As cryptocurrency begins to appear in portfolios managed by institutional investors, this is a question that a growing number of individuals and their financial advisers are asking themselves.

The answer, according to advisers, is: It depends on factors such as an investor’s risk tolerance, financial capacity to absorb losses, and knowledge of the digital asset industry. Of those who use it for some clients, most recommend sticking to a small allowance, in the range of 1-2%.

In a recent survey of over 500 financial advisers conducted by organizations including the Financial Planning Association, nearly half of advisers said clients asked them to invest in cryptocurrencies, up from 17% in 2020. About 14% said they use or recommend it, up from less than 1% last year.

Bitcoin “is only 10 years old,” said Ric Edelman, founder of consulting firm Edelman Financial Engines LLC and investor in digital startups. “The focus has been on mining and trading. But now people are starting to take it to the next level of how to fit it into a larger portfolio.

Getting it right requires more than a high tolerance for risk.

Simon Tryzna, a financial advisor in San Francisco, says investors should have “an investment thesis” explaining why cryptocurrency is part of their financial plan. For example, he said that many of his tech-savvy clients believe that blockchain, the record-keeping technology behind bitcoin, can make the economy more efficient.

It is also important to research the growing range of products that allow everyday investors to add virtual currencies to their nest egg.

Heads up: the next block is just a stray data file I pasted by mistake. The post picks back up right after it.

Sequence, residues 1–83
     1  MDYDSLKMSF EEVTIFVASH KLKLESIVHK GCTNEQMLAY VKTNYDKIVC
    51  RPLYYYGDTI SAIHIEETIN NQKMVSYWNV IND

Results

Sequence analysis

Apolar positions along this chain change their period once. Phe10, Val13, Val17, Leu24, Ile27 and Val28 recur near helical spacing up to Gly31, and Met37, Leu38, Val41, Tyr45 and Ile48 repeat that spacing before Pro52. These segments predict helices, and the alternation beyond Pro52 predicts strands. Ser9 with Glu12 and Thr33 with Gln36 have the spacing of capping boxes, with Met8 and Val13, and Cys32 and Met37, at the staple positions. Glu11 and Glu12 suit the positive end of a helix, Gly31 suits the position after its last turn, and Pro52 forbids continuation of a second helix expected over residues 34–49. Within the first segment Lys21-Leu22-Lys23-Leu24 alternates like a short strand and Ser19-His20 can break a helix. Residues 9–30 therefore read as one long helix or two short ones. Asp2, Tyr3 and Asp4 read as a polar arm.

Because cryptocurrency is very volatile, adding even a small amount to a portfolio may require you to rearrange your asset allocation, thereby reducing exposure to other risky investments, including stocks, said Dan Egan. , vice president of behavioral finance and investing at Betterment, an online consulting firm. .

The following are other steps you should take before buying cryptocurrency.

Should I invest in crypto?

Cryptocurrency has the potential for big gains. Over the past year, the price of bitcoin has risen from just over $ 9,000 to nearly $ 32,000, after peaking at over $ 64,000 in April.

But Roger Aliaga-Diaz, head of portfolio construction at Vanguard Group, says that “it is a volatile investment subject to speculation that has no place in a prudent and well-balanced investment portfolio.”

Cryptocurrency is “largely unregulated and comes with considerable risk,” Aliaga-Diaz wrote in a recent article.

Since hitting a record high in April, bitcoin has lost about half of its value as China stepped up its crackdown on virtual currencies.

Yale University economist Aleh Tsyvinski, co-author of a 2018 study that concludes that institutional investors should invest around 1% to 5% of their portfolios in digital currencies, said individual investors at the Comfortable with alternative investments, such as gold and private equity, should consider adding crypto, too.

“If you have 5% alternatives, why not allocate 10% to crypto?” He said.

Because virtual currencies behave in a “completely different” way from stocks, bonds and other traditional investments, he said they can improve returns by rising when other assets fall. “It’s a very good investment for diversification.”

This is an argument that Mr. Aliaga-Diaz does not buy. He cautions against reducing allocations to stocks and bonds to make room for something that lacks “intrinsic economic value” and generates “no cash flow, such as interest payments or dividends, who can explain their prices ”.

“The prices of cryptocurrencies depend primarily on speculation about their adoption and use.”

John Piershale, an advisor in Crystal Lake, Ill., Said he advises against crypto to the vast majority of his clients, but has invested up to 2% in an exchange-traded fund that buys stocks of companies involved in blockchain technology. for a few clients who can withstand “large fluctuations in value”.

How much should I invest?